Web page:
Q: Are price regulations set by the government binding? What about items subsidized by the government?
A: Rules for the benefit of society as a whole that do not negate any Torah law are binding as dina d’malchusa. Therefore, price regulations, if set by the government for this purpose, are binding. Furthermore, the regulations set a commercial standard among the merchants, which is binding on that account (Dinei Mamonos, vol. IV, p. 47).
According to many authorities, price regulations of items subsidized by the government are binding also in Israel, even according the opinion that dina d’malchusa does not generally apply in Israel (Mamon Kasher, p. 89; Pischei Choshen, Onaah 11:).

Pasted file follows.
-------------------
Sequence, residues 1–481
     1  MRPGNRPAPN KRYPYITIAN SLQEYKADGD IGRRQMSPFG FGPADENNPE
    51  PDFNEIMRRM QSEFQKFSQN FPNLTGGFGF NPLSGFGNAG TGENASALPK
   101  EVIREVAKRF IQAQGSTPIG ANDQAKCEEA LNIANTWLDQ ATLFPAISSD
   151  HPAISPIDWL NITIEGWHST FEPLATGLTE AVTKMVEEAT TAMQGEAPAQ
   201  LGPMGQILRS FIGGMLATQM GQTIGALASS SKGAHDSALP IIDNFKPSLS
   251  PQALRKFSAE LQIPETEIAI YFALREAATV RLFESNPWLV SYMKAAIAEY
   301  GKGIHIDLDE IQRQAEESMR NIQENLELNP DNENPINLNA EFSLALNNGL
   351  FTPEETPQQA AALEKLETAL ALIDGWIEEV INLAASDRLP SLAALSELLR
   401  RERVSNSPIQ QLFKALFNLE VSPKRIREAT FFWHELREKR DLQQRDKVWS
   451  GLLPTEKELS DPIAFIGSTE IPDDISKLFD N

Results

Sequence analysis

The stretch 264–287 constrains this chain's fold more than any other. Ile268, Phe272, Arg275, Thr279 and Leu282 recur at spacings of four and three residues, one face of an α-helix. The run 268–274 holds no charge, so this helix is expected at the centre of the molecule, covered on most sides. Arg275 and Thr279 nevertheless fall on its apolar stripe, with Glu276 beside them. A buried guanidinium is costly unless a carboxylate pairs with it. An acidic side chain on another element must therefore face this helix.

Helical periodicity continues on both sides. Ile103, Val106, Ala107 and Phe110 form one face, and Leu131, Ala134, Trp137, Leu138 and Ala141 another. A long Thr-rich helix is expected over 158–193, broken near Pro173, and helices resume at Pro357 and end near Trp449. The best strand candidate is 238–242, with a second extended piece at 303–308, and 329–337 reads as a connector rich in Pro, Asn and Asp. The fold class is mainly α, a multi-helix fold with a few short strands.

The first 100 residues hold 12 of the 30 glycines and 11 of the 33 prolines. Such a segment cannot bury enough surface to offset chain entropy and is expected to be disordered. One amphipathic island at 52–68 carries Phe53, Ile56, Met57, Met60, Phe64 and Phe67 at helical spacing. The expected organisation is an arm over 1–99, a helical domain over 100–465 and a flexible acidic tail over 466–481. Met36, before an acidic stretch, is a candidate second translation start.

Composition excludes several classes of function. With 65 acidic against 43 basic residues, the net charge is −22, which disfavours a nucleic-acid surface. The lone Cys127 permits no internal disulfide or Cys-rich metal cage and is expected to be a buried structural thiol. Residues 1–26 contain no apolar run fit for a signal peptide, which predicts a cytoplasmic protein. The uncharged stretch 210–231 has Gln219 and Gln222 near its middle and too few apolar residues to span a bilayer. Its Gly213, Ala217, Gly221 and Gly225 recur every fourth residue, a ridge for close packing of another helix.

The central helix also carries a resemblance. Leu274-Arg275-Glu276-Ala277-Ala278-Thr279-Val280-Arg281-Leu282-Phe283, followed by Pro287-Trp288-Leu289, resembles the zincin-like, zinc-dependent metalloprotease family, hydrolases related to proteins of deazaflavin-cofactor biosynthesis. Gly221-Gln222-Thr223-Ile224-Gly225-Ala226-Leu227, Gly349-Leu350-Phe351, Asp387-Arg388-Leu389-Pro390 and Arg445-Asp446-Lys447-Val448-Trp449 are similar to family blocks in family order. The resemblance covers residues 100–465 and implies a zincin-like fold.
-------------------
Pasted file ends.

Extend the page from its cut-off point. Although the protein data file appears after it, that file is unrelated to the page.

If the government removed the subsidy from a subsidized item and the price rose, if it imposed rules about the price of products left over from the subsidized period, they are binding. If rules were not imposed and the item is now worth more, the store owner may charge the current price, like any other item that appreciated in value in his possession (Shaarei Ezra, vol. II, C.M. #134).